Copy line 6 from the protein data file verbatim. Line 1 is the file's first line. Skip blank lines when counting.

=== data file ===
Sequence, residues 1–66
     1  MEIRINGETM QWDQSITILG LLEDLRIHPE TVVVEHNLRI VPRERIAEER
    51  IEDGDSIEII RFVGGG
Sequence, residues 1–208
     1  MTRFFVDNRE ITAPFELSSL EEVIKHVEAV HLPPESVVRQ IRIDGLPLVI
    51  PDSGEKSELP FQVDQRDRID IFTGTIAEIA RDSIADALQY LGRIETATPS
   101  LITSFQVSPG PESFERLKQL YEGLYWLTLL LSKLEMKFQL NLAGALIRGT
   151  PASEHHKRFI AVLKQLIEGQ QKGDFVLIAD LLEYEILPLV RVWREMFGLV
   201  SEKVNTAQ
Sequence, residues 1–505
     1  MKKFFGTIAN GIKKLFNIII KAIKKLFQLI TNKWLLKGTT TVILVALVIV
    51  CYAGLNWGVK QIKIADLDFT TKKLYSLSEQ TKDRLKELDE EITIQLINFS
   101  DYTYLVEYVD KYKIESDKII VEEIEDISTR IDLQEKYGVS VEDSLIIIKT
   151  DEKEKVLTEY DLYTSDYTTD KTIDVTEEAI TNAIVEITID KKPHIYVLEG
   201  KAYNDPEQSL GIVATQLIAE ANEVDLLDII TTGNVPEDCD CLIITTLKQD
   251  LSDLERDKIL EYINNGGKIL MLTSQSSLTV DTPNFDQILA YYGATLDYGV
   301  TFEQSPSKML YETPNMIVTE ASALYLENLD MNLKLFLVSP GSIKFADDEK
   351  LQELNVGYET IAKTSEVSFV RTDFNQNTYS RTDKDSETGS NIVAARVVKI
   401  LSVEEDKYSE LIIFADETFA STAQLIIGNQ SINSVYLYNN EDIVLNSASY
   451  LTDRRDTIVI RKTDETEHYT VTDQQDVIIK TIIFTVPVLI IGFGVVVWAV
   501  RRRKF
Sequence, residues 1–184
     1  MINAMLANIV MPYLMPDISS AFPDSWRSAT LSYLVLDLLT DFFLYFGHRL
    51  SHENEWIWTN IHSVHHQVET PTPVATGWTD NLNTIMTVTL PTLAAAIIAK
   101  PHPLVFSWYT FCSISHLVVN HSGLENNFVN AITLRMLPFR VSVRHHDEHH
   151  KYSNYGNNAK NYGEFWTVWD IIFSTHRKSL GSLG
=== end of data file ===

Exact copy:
    51  PDSGEKSELP FQVDQRDRID IFTGTIAEIA RDSIADALQY LGRIETATPS